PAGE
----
Experience Economy Expert Envisions Meetings in COVID-19 Times

Author: David McMillin       

events future

Is this the future of events? Possibly, but one expert believes the future will bring innovation to meeting design.

Back in the March issue, Convene took the 20th anniversary of the seminal business book The Experience Economy: Competing for Customer, Time, Attention, and Money, as an opportunity to ask its coauthors, James H. Gilmore and B. Joseph Pine II, what has changed during those two decades in terms of what attendees expect out of their event experiences.

Obviously, the world has changed since we spoke with Gilmore and Pine in early January. We decided to go back to Gilmore to ask, what now? How has the pandemic changed what kinds of experiences might resonate with attendees?

Experience Economy

James H. Gilmore

Much of that has to do with how living through this crisis has affected the way they see things — something Gilmore has been contemplating about his own mindset. As COVID-19 has forced the world to stay at home, people have referred to their new reality as quarantining, isolating, or simply staying socially distant. For Gilmore, he told Convene in late April, it’s been a period of “hibernating.”

An assistant professor of design and innovation at Case Western University and author of numerous business books, Gilmore has looked for personal silver linings during his hibernation. In addition to growing a beard, he has stopped bothering with “scheduling” meetings, and reduced his time on email. He believes that all businesses can find a silver lining by viewing the slow period as an opportunity to observe how their audiences are changing — and how their experiences can better serve participants when the world reopens.

How long it takes for business events to come out of this slowdown is uncertain. Health experts and elected officials have been debating how to safely reopen the economy, but the initial return to in-person interactions seems likely to be limited.

“Larger gatherings — conferences, concerts, sporting events — when people say they’re going to reschedule this conference or graduation for October 2020, I have no idea how they think that’s a plausible possibility,” Zeke Emanuel, vice provost for global initiatives and director of the Healthcare Transformation Institute at the University of Pennsylvania, told The New York Times. “I think those things will be the last to return. Realistically, we’re talking fall 2021 at the earliest.”

Should Emanuel be proven wrong and in-person events return well before then, Gilmore said that organizers can think of how the adjustments that may reshape everyday life — wearing face masks, getting a temperature reading in public, and reading disposable menus at restaurants, for example — can apply to experience design. He speculated that people may come up with their own resolutions geared toward the new normal of coming together. “Maybe some will say, ‘I resolve to change x, y, or z based on everything I have gone through,’” Gilmore said.

New Seating Arrangements and a New Focus on Family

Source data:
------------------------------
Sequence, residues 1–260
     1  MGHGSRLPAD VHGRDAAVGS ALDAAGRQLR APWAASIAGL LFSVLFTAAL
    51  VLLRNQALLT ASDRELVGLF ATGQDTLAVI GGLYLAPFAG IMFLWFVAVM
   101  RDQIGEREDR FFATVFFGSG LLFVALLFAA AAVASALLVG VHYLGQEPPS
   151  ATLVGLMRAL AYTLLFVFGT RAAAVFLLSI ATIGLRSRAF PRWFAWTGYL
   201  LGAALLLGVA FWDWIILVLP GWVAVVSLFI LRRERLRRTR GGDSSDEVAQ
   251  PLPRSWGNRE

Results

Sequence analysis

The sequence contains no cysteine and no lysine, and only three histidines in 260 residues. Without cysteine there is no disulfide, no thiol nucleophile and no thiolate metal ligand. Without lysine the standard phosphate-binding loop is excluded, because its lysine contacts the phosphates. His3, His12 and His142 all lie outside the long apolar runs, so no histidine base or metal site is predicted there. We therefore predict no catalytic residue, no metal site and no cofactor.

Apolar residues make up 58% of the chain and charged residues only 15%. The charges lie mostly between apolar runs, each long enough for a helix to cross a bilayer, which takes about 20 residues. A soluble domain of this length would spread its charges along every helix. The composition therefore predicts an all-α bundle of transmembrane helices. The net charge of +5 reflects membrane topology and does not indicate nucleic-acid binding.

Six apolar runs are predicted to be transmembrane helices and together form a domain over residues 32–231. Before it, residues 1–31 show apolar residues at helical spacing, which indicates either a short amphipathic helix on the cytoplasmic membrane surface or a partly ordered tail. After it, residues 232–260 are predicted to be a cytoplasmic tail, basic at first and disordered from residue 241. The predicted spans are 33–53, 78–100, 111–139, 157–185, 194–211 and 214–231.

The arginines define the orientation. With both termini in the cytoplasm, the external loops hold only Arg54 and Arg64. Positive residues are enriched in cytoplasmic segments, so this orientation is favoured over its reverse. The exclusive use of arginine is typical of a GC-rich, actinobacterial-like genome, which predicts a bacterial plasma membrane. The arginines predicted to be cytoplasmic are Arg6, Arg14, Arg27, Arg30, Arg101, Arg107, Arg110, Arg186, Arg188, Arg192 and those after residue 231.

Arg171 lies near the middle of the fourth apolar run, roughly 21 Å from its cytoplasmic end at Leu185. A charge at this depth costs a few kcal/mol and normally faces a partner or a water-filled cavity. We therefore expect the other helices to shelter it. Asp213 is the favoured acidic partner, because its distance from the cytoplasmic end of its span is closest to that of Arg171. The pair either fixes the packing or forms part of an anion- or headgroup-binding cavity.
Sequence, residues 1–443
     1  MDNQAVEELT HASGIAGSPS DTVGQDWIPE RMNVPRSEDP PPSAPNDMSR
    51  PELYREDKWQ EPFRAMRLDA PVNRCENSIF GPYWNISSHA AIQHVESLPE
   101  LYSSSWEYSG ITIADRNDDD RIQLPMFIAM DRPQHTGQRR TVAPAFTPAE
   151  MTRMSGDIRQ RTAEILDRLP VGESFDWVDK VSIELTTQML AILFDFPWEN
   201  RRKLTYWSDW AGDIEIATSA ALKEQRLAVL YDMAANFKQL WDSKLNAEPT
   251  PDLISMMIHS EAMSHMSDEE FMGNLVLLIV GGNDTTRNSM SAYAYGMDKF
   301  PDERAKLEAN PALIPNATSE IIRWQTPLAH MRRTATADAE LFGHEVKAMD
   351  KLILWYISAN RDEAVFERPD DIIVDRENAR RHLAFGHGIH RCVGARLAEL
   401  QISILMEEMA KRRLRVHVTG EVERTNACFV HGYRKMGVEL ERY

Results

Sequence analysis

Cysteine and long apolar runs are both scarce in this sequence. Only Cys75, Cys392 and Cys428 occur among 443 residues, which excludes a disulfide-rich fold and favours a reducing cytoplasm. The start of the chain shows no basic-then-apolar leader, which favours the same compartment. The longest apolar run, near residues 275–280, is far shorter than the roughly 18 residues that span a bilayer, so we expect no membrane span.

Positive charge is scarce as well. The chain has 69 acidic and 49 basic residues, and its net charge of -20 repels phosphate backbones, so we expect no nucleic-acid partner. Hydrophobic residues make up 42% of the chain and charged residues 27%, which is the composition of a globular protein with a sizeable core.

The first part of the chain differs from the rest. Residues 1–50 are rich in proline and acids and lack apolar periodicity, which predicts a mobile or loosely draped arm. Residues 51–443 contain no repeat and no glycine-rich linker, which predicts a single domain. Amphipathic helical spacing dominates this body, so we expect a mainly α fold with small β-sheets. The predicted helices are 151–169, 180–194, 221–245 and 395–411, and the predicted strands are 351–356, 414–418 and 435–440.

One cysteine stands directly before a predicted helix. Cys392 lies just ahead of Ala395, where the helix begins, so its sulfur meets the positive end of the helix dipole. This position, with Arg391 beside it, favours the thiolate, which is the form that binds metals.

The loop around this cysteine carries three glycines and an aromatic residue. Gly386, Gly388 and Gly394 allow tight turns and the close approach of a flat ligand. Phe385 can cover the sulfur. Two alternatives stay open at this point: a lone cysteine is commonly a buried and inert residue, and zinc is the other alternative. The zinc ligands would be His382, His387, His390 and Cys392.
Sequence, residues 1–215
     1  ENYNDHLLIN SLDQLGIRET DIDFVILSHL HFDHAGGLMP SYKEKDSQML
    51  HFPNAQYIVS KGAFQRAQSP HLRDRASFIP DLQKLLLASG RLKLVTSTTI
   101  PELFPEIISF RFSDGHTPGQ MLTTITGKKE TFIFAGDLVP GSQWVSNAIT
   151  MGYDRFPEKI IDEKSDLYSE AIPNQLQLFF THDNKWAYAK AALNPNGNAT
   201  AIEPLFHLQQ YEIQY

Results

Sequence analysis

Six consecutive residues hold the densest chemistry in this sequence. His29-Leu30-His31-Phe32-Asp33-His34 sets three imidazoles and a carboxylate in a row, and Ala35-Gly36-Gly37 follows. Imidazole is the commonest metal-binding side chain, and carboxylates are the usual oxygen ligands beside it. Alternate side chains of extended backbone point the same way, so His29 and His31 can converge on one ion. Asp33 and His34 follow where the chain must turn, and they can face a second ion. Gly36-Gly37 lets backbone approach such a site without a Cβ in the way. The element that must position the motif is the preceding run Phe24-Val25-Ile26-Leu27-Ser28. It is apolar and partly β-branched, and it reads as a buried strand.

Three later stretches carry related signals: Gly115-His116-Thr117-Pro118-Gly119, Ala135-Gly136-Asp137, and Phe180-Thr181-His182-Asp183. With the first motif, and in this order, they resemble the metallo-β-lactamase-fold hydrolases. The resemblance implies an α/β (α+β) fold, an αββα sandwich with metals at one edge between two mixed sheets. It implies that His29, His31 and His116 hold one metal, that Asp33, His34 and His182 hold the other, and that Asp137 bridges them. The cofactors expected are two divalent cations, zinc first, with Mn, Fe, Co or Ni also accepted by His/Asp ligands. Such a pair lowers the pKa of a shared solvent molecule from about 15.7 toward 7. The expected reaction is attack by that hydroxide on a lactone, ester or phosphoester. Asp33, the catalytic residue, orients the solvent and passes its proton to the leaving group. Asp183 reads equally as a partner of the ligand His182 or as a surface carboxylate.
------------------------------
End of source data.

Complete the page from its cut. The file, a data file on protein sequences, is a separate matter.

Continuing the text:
Some of those changes may be the catalyst for more meaningful engagement. Consider one of the most important pieces of any experience: where and how people sit. Prior to the pandemic, Gilmore said that “the chair is the most powerful icon of an event,” and in most cases, the attendees’ comfort has been a secondary design consideration — the chair’s stackability for venue storage has been the paramount factor. If social-distancing guidelines continue to apply, Gilmore believes it may offer opportunities to improve seating environments. For instance, he said, “If people are sitting six feet apart, might that encourage event organizers to be more innovative about how seating is arranged at an event?”

Even if attendees are placed farther apart from each other, Gilmore thinks that they will want to feel a closer “familial” connection. Once scenario Gilmore envisions is pairing one attendee with four others — with the group taking a “divide and conquer” approach, each participating in different concurrent sessions before reporting back and sharing their insights.

“Who’s your tribe or your family that you’re going to traverse through the experience with? If you have to be six feet apart, it seems a smaller group would help,” he said. “Five people even 10 feet apart feels a lot better than 500 people six feet apart.”

Attendees may have similar feelings toward their online groups, too — obviously not dictated by physical-distancing rules but by a change in priorities brought on by the crisis. Gilmore has been pondering what he calls “communal media.” Rather than thinking about collecting hundreds of likes from hundreds of users on Facebook or Instagram, individuals may put a higher value on communicating with their five closest friends. “Just as Twitter used to restrict the character count to 140,” he said, “what if a new platform comes along that limits your tribe count to a few true amigos?”

There are many what-ifs to consider as the convention industry continues to operate in pause mode. When will people feel comfortable flying again? When will hotels open again? How will government travel restrictions impact international participation? The answers to all of these questions are unknown, but one truth feels clear to Gilmore: Expectations for experiences will change. And change creates opportunity for progress.

“This is an opportunity to create something new, not to try to automate or replicate what you’ve done in the past,” Gilmore said. “That’s the mindset to embrace, because if people are to again gather, the experience really is going to have to be worthwhile.”

David McMillin is an associate editor at Convene.

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